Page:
Orders Kentrogonida Akentrogonida Rhizocephala are degenerate crustaceans, parasitic on decapod crustaceans. ... Orders Sessilia Pedunculata Thoracica is a superorder of crustaceans which contains the most familiar species of barnacles found on rocky coasts, such as Balanus balanoides and Chthalamus stellatus. ... For other people of the same surname, and places and things named after Charles Darwin, see Darwin. ... Jean-Baptiste Lamarck. ... Suborders Balanomorpha Brachylepadomorpha Verrucomorpha Wikispecies has information related to: Sessilia Sessilia is an order of barnacles, comprising the barnacles without stalks. ...

Synonyms

Other names for this group of crustaceans include Thyrostraca, Cirrhopoda (meaning "tawny-footed"), Cirrhipoda, and Cirrhipedia.


References

  1. ^ Étienne Benson. Charles Darwin. SparkNotes. Retrieved on 2007-08-30.
  2. ^ Barnacle general biology. Museum Victoria (1996).
  3. ^ Joel W. Martin & George E. Davis (2001). An Updated Classification of the Recent Crustacea. Natural History Museum of Los Angeles County. 

SparkNotes, originally part of a website called The Spark, is a company started by Sam Yagan, Max Krohn, and Chris Coyne in 1999 that provides free in-depth commentary, analysis and study guides for literature, poetry, history, film and philosophy. ... Year 2007 (MMVII) is the current year, a common year starting on Monday of the Gregorian calendar and the AD/CE era in the 21st century. ... is the 242nd day of the year (243rd in leap years) in the Gregorian calendar. ... Museum Victoria is the state museum of Victoria, Australia. ... The Natural History Museum of Los Angeles County opened in Exposition Park in 1913 as the Museum of History, Science, and Art. ...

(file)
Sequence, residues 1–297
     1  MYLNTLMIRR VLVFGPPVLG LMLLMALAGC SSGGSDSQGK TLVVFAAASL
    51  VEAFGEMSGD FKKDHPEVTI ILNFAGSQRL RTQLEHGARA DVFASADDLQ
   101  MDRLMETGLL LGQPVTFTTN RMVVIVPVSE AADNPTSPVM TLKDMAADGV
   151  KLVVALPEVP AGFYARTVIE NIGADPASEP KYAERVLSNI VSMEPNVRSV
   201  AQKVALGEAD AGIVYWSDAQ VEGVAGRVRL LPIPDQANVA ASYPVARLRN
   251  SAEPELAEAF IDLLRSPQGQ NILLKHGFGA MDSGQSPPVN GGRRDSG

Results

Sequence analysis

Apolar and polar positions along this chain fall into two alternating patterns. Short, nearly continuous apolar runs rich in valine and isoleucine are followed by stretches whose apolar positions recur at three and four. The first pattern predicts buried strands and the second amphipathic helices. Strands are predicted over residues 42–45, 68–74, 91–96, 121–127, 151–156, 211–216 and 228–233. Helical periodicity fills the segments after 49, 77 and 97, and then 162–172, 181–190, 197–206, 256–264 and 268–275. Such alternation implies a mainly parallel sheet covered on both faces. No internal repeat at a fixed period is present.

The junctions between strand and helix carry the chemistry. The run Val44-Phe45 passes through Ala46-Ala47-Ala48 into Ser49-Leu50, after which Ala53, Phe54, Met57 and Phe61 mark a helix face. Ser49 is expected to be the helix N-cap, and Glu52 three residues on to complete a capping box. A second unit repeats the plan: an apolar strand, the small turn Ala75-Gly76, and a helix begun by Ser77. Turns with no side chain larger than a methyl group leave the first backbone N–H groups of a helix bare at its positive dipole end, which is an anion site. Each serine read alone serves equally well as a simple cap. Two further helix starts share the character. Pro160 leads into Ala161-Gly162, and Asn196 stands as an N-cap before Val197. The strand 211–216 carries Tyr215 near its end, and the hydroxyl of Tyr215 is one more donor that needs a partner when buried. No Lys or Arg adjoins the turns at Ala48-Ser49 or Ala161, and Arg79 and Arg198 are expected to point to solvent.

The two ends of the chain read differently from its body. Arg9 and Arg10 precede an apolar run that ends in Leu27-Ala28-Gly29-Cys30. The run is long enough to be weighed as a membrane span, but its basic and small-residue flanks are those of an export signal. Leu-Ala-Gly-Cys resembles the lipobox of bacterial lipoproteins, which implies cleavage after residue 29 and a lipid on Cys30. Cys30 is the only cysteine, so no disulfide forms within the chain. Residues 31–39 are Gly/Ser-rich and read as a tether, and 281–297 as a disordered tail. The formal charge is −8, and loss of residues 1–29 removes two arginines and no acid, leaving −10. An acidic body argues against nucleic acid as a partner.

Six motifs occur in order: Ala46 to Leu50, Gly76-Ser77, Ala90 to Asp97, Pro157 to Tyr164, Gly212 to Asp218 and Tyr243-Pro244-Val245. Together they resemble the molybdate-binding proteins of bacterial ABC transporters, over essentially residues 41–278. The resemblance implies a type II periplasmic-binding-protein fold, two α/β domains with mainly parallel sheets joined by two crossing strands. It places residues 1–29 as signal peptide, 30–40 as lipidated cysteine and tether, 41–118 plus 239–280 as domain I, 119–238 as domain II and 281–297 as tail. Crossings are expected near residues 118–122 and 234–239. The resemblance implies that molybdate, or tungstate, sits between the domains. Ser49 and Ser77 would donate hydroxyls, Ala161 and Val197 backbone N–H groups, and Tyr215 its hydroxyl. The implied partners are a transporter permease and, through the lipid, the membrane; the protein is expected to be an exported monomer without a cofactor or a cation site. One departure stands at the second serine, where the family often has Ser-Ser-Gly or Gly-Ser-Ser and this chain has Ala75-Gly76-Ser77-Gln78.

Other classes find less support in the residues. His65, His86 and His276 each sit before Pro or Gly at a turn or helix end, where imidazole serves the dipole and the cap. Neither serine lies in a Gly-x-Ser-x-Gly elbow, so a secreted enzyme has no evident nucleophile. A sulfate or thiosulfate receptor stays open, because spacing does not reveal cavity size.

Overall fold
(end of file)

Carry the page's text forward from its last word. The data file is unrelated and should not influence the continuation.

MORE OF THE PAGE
External links

Wikimedia Commons has media related to:
Cirripedia
  • Rock barnacle at Aquascope
  • Barnacles from the Marine Education Society of Australasia
  • Barnacles in Spain Article on barnacles in Spain, and their collection and gastronomy.
  • [1] Newcastle University's barnacle and biofouling information site.

  Results from FactBites:
 
Barnacle - Wikipedia, the free encyclopedia (493 words)
The crab at centre is nursing the externa of a parasitic cirripede of the genus Sacculina
A barnacle is a type of arthropod belonging to infraclass Cirripedia in the subphylum Crustacea and is hence distantly related to crabs and lobsters.
Barnacles were first fully studied and classified by Charles Darwin, at the suggestion of his friend Joseph Dalton Hooker, in his quest to further his ongoing development of the theory of evolution and natural selection.
  More results at FactBites »